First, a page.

Touchy feely 

Spotty documentary illuminates musician's unusual methods

There is a reason why Touch the Sound often feels like an episode of "Sesame Street" for adults. As the avant-garde composer Fred Frith remarks late in this documentary, quoting the British environmental artist Richard Long, "Artists are people who are in touch with the energy they had when they were children that never left them."

Throughout Touch the Sound, director Thomas Riedelsheimer -- whose last film was on another iconoclastic Scottish artist, Rivers and Tides: Andy Goldsworthy Working with Time -- attempts to convey an artist's enchanted and original sense of the world as a place full of wonder and discovery.

Avant-garde musician Evelyn Glennie occupies that state. A slight, pretty woman with a resemblance to Kate Bush, Glennie was diagnosed as deaf when she was a child. But Glennie has nevertheless found a way to adapt her love of music to her impaired sense, experiencing sound not through the simple corridor of the ear, but through sensations felt throughout her body, the "touch" of the film's title. In adulthood she has become a highly regarded percussionist who performs around the world.

But the "touch" the film treats is also something beyond sound -- a connectiveness to experience that we lose as adults.

Glennie strives to recapture that sensation not only in her daily life but in improvisational musical performances, often in diverse locations and by collaborating with other musicians from New York to Japan, Santa Cruz to Scotland.

Some of the most transcendent moments in this uneven and overlong film come when Glennie jams with traditional drummers in Fuji City, Japan, and then in a Japanese club.

Other sequences highlight the childlike process of discovery and experimentation in Glennie's music, like when she collaborates with Frith in a cavernous, abandoned factory in Germany. The duo plays everything from guitars -- plucking their strings and massaging their wood surfaces -- to reams of paper, pieces of factory machinery, even each other, in an effort to get at new sounds.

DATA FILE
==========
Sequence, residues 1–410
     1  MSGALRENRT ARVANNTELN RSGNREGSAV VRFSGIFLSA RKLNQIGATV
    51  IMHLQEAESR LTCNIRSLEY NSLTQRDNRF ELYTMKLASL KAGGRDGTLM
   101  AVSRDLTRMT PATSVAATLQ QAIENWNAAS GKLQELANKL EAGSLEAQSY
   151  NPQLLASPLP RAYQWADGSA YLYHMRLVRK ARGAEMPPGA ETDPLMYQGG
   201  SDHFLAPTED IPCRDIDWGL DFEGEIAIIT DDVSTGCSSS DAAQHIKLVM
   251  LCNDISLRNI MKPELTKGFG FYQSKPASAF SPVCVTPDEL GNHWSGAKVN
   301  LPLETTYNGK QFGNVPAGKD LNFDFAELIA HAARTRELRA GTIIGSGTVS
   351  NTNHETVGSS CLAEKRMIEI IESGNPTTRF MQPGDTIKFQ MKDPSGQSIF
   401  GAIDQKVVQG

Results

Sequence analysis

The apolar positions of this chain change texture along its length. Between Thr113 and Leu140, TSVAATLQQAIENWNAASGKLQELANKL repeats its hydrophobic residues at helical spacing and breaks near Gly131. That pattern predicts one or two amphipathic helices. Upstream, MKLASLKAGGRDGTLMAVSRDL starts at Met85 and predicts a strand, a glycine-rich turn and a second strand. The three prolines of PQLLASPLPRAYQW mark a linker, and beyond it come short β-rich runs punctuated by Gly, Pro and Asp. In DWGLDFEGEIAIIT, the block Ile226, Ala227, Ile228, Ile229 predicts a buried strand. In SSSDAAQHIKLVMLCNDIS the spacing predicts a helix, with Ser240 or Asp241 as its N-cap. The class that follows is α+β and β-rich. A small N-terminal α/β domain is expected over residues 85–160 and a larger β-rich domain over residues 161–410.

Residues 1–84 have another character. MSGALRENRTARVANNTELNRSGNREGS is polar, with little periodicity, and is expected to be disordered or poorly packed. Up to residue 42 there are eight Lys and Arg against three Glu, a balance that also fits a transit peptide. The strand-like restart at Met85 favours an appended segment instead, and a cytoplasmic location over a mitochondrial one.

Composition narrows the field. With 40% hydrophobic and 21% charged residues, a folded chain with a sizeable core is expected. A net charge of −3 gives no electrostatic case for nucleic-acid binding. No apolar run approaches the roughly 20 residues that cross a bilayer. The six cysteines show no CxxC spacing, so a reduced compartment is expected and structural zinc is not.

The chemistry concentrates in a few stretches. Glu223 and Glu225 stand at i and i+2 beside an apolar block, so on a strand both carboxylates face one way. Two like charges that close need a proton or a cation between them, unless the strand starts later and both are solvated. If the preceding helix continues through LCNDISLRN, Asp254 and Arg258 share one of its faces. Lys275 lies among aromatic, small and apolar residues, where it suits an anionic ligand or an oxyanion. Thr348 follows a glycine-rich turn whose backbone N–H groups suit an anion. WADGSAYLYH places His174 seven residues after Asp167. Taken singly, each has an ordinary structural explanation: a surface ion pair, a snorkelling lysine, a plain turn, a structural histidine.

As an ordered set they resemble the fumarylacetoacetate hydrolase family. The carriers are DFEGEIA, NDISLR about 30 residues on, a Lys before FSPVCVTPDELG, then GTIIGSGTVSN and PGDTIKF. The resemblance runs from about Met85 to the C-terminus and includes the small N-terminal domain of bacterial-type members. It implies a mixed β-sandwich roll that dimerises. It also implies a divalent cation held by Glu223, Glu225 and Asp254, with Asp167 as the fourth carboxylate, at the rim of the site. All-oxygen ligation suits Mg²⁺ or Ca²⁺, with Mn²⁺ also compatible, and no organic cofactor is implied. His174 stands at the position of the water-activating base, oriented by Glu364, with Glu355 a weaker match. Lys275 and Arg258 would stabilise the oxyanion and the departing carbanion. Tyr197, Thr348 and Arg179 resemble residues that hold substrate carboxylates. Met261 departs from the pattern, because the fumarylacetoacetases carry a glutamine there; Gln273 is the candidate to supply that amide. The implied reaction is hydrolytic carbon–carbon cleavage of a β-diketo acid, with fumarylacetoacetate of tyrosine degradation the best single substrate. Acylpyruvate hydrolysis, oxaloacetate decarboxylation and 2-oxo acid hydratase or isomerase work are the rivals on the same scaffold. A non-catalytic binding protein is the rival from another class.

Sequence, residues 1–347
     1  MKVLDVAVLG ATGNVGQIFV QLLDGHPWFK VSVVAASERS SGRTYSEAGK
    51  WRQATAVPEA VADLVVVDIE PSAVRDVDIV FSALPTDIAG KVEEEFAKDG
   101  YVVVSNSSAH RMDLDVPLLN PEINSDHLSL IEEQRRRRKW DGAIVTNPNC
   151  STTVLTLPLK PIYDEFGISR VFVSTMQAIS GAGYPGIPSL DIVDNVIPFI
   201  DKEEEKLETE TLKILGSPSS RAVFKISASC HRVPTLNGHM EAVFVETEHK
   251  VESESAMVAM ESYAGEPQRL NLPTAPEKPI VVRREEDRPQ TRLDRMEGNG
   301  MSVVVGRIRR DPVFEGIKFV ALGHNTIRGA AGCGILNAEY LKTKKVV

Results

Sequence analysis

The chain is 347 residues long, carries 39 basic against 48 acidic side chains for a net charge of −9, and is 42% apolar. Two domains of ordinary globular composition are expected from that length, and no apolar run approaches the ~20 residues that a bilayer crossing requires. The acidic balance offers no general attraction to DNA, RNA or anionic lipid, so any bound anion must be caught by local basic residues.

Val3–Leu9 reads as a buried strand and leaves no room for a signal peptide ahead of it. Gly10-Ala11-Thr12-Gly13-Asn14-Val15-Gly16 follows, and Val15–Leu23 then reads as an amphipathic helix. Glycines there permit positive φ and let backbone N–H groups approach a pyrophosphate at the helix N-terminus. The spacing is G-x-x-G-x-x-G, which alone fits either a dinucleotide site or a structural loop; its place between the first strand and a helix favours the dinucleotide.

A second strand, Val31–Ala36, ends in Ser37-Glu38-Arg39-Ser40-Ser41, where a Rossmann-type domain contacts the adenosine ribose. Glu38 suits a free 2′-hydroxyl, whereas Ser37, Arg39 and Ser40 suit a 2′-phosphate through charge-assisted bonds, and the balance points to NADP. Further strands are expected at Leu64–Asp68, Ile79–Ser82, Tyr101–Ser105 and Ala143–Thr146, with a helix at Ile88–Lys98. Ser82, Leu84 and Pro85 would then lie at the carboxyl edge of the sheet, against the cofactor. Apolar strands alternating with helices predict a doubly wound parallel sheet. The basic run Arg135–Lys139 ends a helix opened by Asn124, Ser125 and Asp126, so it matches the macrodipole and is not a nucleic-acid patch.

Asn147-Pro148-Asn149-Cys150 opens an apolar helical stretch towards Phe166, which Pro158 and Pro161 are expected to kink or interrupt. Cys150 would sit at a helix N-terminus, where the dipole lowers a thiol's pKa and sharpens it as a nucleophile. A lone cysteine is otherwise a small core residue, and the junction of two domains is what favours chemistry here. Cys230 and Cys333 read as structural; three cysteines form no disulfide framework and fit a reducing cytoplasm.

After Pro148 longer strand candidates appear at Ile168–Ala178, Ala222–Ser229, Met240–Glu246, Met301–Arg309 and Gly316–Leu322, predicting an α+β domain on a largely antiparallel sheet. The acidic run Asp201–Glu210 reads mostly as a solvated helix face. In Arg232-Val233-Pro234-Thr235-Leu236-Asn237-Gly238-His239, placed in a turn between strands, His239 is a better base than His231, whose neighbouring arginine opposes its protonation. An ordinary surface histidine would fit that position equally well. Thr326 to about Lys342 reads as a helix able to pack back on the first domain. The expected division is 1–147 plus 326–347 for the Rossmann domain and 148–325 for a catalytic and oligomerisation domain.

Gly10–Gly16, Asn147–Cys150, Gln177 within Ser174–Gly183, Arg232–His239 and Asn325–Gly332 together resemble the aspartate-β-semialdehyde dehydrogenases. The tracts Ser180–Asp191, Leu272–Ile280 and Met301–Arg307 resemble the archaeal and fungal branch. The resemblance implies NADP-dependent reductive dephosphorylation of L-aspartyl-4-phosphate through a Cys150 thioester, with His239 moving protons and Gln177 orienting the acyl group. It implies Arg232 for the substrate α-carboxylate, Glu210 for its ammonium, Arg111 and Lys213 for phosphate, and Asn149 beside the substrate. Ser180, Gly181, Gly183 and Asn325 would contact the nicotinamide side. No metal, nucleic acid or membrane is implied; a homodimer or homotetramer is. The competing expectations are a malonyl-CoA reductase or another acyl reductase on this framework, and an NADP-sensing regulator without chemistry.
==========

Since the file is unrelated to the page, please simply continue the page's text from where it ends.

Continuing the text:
Those demonstrations become a powerful illustration of Glennie's whole-body approach to hearing and sound-making: A sound does not arise from the lips, but originates inside the body. Her holistic philosophy of sound is revelatory and serves to explain her many experiments to get "under the surface" and find sound everywhere. Her approach to music is an instructive lesson in how we should live our lives, using all of our senses, rather than just a small portion.

In this and other ways, the film becomes less about a clichéd overcoming of a disability and more about finding a deeper connection to the world around us that should inform all of our lives.

Though Touch the Sound is a film about nontraditional responses to the world, over time it becomes a little too locked into a formula of its own. The film's rhythm is often composed of garbled, unrevealing interviews with Glennie, vignettes of her performing around the world, and images of the various visual and aural sensations she experiences in locations from an airport in Cologne to a beach in Santa Cruz.

Riedelsheimer's touchy-feely approach often teeters perilously close to a Christopher Guest mockumentary. Over time a sense of discovery and insight tends to peter out as Riedelsheimer begins to belabor the same point over and over with countless examples of Glennie "touching the sound." Riedelsheimer ends up dredging a life founded on improvisation and wonder in increasingly tedious documentary clichés, as when he has Glennie return to her childhood home to discuss her relationship with her father. It's an especially unfortunate digression in a film increasingly plagued by them.



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Recent Comments

  • Re: Fresh air

    • Local band Manchester Orchestra, who provided the soundtrack, probably would have appreciated a shout-out.

    • on June 29, 2016
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